Monday, September 19, 2016

Europe 2016 - Title Page: A Tale Of Four Cities

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Europe 2016 : A Tale of Four Cities
4th-17th September 2016: London, Paris, Brussels & Amsterdam
We did a tour of Europe; starting from London to Paris to Brussels and then ending at Amsterdam: we also had a couple of side tours to a few rustic and colourful towns. It's a tale of four lovely cities which was a good holiday that took us to many interesting sights, museums, art galleries and colourful scenery. Along the way we had good food, viewed famous artwork by renown artists and met some interesting people. Below are the travelogues, together with blogs of places, food and artwork that we experienced. Oh.... yah.... I managed to do a bit of cycling too (view those at the AhPek Biker Cycling Europe 2016 blogs). Just after the travelogues below are related blogs and some tips we share to make travelling easier in this part of Europe. Enjoy!


TRAVELOGUES










More travelogues coming soon.
Stay Tuned!!


SITES

Some renown travel sites we visited, with some listed under the UNESCO Heritage Site List:
(Coming soon)

FOOD
The food we ate, with some that are the speciality of the respective countries.







ART
Europe is renown for it's art, we did visit some museums and art gallery that displayed famous art pieces by the great masters.




CYCLING




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TRAVEL TIPS FOR EUROPE (LONDON, PARIS, BELGIUM & AMSTERDAM

GENERAL TIPS:

1. STAYING CONNECTED & IN TOUCH.
    The two of us (Lynn & me)  mulled over whether to get pre-paid mobile sim cards; we were travelling in four countries (i.e. Great Britain, France, Belgium & the Netherlands). We considered two options, using pre-paid sim cards from one of the European mobile operators or using a pocket wifi with consideration that both options have to cover the countries we were visiting.

a. Pre-paid Sim Cards
Plans for these usually includes call time, sms, data over a specific period of time. Depending on amount of data required and time frame, price ranges from €49-00 plus €39-00 express delivery cost (approx MYR400-00 each). Although most of these cover many European countries, ensure that the sim cards you get are usable in the countries you visit. Do include for shipping cost to your home country if you want them delivered to you home. Shipping cost can be reduced if using regular shipping post, but it will take longer to arrive.
Example of some of these cards are available from:
Simoptions.
Simcardglobal.
One Simcard, and many more.
The advantage of the pre-paid sim card is that each traveller can stay connected individually. The disadvantage is that it may turn out costly if the travel group is larger, so one could consider the following option then...

b. Pocket Wi-fi
    Travel Reccomends which operate in Malaysia. This cost MYR26-00 per day for a total of MYR364 (i.e. MYR182) for the both of us covering the both of us for two weeks. This pocket wifi can be shared by up to five persons; so cost can be significantly lower for more users sharing one. The advantage is the we could collect it at Kuala Lumpur International Airport and one would be confident of physically having it when leaving Malaysia. The disadvantage - it had a limited range of six meters; meaning that if any of the other users stray beyond this distance from the person carrying it, they will lose wifi capability. Calls can be made via apps such as WhatsApp or Windows Messenger.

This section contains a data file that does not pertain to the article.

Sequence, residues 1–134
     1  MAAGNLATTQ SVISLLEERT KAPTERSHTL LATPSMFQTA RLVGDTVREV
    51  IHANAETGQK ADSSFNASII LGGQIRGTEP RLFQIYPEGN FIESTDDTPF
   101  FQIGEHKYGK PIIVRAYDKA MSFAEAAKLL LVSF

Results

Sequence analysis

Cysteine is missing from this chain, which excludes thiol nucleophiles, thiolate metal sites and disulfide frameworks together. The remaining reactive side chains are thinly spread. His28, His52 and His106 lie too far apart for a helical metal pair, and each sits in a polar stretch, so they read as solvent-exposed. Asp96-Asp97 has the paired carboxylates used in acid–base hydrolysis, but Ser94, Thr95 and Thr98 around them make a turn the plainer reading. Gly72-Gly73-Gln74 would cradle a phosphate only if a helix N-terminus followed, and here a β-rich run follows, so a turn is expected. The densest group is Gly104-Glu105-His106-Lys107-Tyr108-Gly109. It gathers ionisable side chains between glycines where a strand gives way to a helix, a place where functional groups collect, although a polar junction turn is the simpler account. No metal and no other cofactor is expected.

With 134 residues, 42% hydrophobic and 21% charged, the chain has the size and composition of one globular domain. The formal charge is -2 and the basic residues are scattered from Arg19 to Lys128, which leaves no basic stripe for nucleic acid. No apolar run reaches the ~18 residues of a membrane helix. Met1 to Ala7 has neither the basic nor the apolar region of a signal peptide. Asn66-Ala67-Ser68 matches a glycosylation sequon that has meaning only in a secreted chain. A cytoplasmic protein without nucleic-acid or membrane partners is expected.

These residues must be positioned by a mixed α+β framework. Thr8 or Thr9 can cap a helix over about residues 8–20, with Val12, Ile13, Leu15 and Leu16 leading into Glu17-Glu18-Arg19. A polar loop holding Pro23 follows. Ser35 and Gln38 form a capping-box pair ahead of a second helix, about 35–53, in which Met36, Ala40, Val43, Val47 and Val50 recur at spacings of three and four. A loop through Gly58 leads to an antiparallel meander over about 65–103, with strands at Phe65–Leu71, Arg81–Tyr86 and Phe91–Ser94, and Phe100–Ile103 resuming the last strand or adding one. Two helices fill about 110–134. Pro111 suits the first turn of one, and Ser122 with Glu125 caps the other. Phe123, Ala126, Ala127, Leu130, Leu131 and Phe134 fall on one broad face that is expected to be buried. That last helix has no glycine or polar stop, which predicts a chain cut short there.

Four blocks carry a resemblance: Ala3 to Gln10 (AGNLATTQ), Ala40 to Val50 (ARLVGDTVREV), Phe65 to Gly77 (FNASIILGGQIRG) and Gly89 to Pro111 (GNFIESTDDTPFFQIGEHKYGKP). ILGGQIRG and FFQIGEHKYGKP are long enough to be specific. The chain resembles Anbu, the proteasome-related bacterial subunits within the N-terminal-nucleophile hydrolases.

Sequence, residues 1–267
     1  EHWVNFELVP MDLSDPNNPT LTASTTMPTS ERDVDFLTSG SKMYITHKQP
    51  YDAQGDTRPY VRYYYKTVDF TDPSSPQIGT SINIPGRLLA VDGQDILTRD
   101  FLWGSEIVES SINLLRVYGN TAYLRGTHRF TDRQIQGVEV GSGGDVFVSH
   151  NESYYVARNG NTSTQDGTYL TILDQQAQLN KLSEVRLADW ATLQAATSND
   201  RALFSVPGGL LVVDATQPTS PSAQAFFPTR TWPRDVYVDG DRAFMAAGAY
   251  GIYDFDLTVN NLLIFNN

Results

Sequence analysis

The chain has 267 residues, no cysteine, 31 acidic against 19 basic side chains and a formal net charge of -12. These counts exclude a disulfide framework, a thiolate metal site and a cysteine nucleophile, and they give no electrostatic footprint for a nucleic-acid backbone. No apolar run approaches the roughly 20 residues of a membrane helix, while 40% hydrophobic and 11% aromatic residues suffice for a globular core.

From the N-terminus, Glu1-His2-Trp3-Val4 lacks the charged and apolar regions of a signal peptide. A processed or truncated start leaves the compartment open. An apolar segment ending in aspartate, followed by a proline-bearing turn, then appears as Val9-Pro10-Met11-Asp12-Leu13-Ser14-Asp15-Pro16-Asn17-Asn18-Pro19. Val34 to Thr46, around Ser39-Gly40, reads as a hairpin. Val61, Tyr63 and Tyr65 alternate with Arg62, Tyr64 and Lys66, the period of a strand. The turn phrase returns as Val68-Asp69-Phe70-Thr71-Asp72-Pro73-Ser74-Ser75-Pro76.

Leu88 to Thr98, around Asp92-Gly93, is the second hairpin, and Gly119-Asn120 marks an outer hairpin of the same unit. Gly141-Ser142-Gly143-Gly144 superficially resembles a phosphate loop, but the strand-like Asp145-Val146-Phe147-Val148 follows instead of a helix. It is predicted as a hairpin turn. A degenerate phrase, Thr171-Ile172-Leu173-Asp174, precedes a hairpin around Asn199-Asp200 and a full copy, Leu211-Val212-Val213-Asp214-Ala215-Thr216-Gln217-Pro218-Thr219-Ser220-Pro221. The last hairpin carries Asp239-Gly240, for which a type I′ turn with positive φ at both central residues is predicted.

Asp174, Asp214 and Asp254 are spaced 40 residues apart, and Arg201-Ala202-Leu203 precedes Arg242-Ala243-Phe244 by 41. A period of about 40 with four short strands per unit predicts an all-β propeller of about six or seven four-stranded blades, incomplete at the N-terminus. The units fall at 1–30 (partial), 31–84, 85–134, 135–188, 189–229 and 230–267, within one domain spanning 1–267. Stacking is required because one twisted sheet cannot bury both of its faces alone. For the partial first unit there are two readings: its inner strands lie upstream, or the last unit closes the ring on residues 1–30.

Just turn it on when reaching the destination country (in fact we turned it on and seldom turn it off. The unit performed very well except in France where there was a bit of lag in connecting and speed of upload and downloads were slower. Also in the remote country-side there were sometimes no signal.
    Although there we just the two of us, we opted for the pocket wi-fi.

c. Hotel Wi-fi
    Most hotels/motels provide free wifi, although some may limit the amount of data transferred.


2. TRAVELLING IN THE CITIES.
     Many of the cities have public travel cards that allow users to use trains, subways, buses, trams, etc. Some of these are daily cards and others monthly. These will come in useful if one travels to different destinations each day. But if daily travel is limited to one or two trips per day, it could be cheaper to by trip tickets or day tickets; check out both first before purchasing. Also do note that in some cities, travelling during peak hours can cost almost double, so plan your travel time to economise.

a. In London (and to an extent further out), consider using the Oyster Card.
b. In Paris, the Paris Travel Card.
c. In Belgium, refer to the Belgium Public Transport site.
d. In Amsterdam, the GVB Zone Ticket will be useful for travelling within the selected zone, this ticket covers up to one month. There is also 24-hour tickets available from the vending machine at the metro stations. Tram tickets can be purchased on the trams themselves.